Home » macOS » 7 Fixes for an Overheating MacBook Air M1

7 Fixes for an Overheating MacBook Air M1

by Kanika Modi
0 comment

Do you know your MacBook Air M1 has no active cooling system like a fan? MacBook is designed to be energy-efficient, generating little heat. However, it still overheats and gets pretty hot sometimes, mainly due to intensive tasks or workload. Moreover, MacBook Air’s overall thin and compact design gives it less space to dissipate heat leading to overheating. We have created a list of all the measures and methods to fix an overheating MacBook Air M1.

1. Reduce Multitasking

You need to reduce some of the load on your MacBook Air. Even though it is a highly efficient system, multitasking and working on multiple software simultaneously can overheat the MacBook.

The best way is to close those unused browser tabs and inactive software you may not currently need to work on. For example, look at the number of apps open on your system currently in the dock. If it looks something like this, you need to close a few of them to let your Mac take a breather.

Not all apps are made equal. Some apps are heavy and require more system resources like Steam and image editors like Photoshop.

2. Check Background Processes

If closing down resource-intensive apps does not solve your MacBook Air M1’s overheating issue, the problem might lie with an app or background process consuming maximum CPU power.

With the help of Activity Monitor, let’s evaluate the processes that might be causing the MacBook Air M to overheat.

1. Press Command + Space on the keyboard to open Spotlight Search.

2. Type Activity in the search box and open Activity Monitor.

3. Click on CPU at the top menu bar.

4. Check the %CPU column to see the resource-intensive processes.

The list could also consist of background activities that are responsible for running the system smoothly. Hence, make sure you do not close those processes. A good rule of thumb is that if you do not recognize an app or process or understand what it does, better leave it alone.

5. Check the Energy tab.

A;so check the Memory tab on the menu bar as well.

Once you have analyzed all these aspects, you can then select the processes that are taking up the maximum power, energy, or memory and quit the process.

6. Click on the process and choose the (x) at the top.

7. Select Quit to stop the process.

Now, close the Activity Monitor and wait some time to see if the system cools down.

3. Reset the SMC

The SMC or System Management Controller is responsible for power and thermal management on your MacBook Air. Hence, resetting the SMC might help if you’re experiencing temperature-related issues.

Here is how you can do it.

Considering your MacBook Air M1 is heating and this is an Apple-silicon chip Mac, you simply need to restart the system. If unsure, we have a guide to help you find out your MacBook’s system specs in no time.

1. Go to the Apple menu at the top-left corner of your desktop.

2. In the drop-down menu, choose Shut Down.

Keep the lid closed and the system shut down for at least 30 seconds. Click on the Power button again to start the system

4. Update macOS

Apple frequently releases updates that include performance and thermal management improvements. Hence, you need to ensure that your macOS is updated.

If you are not sure, follow the steps below to check and update the system.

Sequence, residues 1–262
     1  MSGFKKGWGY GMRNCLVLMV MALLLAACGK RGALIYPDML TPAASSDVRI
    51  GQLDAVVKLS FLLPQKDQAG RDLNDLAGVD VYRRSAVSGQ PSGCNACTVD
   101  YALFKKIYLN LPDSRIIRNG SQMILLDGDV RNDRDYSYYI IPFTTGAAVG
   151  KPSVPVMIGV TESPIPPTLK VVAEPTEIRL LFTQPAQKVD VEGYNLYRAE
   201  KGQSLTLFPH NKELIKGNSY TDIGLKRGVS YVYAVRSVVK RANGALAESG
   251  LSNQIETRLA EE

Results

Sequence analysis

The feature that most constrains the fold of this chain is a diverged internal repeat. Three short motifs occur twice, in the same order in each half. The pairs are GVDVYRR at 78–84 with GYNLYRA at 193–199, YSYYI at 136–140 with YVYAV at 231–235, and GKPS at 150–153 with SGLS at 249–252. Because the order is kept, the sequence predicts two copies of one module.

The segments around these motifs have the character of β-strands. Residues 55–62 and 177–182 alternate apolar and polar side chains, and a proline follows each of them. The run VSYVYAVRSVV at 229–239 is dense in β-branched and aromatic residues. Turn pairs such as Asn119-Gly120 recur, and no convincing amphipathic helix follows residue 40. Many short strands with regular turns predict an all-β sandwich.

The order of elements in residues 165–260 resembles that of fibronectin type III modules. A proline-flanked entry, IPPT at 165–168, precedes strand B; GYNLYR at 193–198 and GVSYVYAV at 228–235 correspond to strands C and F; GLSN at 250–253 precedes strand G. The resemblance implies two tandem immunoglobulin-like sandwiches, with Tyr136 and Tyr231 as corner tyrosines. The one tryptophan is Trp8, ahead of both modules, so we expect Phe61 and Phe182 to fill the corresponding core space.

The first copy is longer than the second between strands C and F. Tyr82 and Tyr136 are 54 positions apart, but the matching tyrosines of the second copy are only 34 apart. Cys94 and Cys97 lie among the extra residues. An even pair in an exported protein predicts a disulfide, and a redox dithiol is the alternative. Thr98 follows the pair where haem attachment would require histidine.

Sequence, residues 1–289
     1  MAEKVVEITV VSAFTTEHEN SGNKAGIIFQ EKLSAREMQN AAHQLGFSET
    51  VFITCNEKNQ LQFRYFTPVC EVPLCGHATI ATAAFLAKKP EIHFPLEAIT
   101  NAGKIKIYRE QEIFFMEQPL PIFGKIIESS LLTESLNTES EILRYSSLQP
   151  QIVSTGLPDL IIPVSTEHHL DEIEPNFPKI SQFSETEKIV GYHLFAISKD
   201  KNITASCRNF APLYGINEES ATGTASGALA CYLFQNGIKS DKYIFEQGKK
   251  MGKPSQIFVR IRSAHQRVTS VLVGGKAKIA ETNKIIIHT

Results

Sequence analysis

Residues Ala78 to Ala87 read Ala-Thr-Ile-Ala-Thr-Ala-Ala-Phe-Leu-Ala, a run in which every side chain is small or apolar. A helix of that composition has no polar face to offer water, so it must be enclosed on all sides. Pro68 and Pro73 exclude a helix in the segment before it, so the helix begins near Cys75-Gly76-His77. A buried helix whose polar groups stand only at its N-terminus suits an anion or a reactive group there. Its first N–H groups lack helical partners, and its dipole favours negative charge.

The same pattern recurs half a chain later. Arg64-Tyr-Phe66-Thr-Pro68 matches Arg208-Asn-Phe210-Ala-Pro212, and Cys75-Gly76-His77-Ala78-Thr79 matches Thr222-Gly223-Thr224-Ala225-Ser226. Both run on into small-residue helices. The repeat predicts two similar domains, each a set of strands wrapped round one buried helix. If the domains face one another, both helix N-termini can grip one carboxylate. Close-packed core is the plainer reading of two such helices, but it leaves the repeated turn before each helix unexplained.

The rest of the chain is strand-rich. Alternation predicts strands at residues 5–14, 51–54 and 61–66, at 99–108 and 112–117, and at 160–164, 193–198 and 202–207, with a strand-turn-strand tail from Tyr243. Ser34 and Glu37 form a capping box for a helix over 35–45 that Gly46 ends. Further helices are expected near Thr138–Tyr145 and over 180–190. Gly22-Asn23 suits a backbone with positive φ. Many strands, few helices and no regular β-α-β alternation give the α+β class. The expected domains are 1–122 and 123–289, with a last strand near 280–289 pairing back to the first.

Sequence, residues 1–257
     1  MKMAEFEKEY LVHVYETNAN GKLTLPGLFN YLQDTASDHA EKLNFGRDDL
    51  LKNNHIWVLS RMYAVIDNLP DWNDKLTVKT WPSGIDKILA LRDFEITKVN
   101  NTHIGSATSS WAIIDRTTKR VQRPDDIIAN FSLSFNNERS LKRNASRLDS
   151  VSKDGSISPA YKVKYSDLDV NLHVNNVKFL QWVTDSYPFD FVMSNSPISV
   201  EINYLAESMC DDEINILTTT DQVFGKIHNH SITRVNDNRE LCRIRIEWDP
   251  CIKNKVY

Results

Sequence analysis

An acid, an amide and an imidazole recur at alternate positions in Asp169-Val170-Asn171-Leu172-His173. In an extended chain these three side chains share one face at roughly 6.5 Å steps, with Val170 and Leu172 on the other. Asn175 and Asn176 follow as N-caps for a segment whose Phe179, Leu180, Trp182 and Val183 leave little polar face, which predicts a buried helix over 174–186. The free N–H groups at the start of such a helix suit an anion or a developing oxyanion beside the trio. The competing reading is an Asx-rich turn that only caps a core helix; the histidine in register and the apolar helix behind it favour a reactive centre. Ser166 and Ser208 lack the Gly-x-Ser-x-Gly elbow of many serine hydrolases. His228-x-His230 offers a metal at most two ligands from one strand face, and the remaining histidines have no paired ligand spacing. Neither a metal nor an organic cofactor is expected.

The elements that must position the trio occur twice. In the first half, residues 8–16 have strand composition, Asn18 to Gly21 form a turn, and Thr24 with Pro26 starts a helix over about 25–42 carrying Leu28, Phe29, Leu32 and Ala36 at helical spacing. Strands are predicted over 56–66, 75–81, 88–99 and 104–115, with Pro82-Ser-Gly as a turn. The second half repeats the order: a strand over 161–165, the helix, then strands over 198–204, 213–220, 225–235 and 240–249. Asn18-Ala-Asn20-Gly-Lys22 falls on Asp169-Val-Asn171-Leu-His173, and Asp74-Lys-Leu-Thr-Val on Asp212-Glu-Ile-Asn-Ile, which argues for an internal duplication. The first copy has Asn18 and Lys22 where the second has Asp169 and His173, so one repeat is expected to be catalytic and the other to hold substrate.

Make sure to save all your work before proceeding with the update.

1. Go to the Apple Menu at the top-left corner of your desktop.

2. Click on System Settings.

3. Go to General on the left sidebar.

4. Click on Software Update on the right.

5. Wait for the system to check for any updates.

6. Choose Update Now.

Mac will now begin updating and restart to save all the changes made to it. Wait for the process to complete, and then start getting back to work.

5. External Cooling

If none of the above methods seems to be working for you, you can try external cooling. Well, firstly, make sure the environment around you isn’t too hot or other devices on the table are not making the system hot.

Since the MacBook Air M1 has a fanless design without any cooling vents, it relies on a passive cooling design. MacBook Air uses a passive cooling design radiating the heat away using a heatsink inside.

Although you cannot directly improve the airflow, an external cooling pad might still be helpful in certain situations. The cooling pad can keep the surface underneath your MacBook Air cooler, which can indirectly help dissipate some of the heat the device generates.

6. Remove Case/Cover

A lot depends on the design and the material of the case or cover you use. If the case or cover is made of materials that are poor conductors of heat, it can trap heat inside the MacBook. Hence, it is best to remove the case and cover to check if that is causing your MacBook Air to overheat.

7. Contact Apple Support

If nothing seems to be working for you, it is high time that you take your Mac to a certified service center. You can also chat with the customer support executive via live chat and explain all your issues to them.

I have had several issues with our Apple products, and Apple online customer support has been successful in helping out every step of the way.

Keep it Cool!

Overheating issues on MacBook Air M1 are common, but you can fix it easily. All you have to do is simply close down tens of tabs and apps you have been using simultaneously.

However, if nothing works for you, take your MacBook to an Apple service center to check for any internal hardware issues, such as your battery. 

You may also like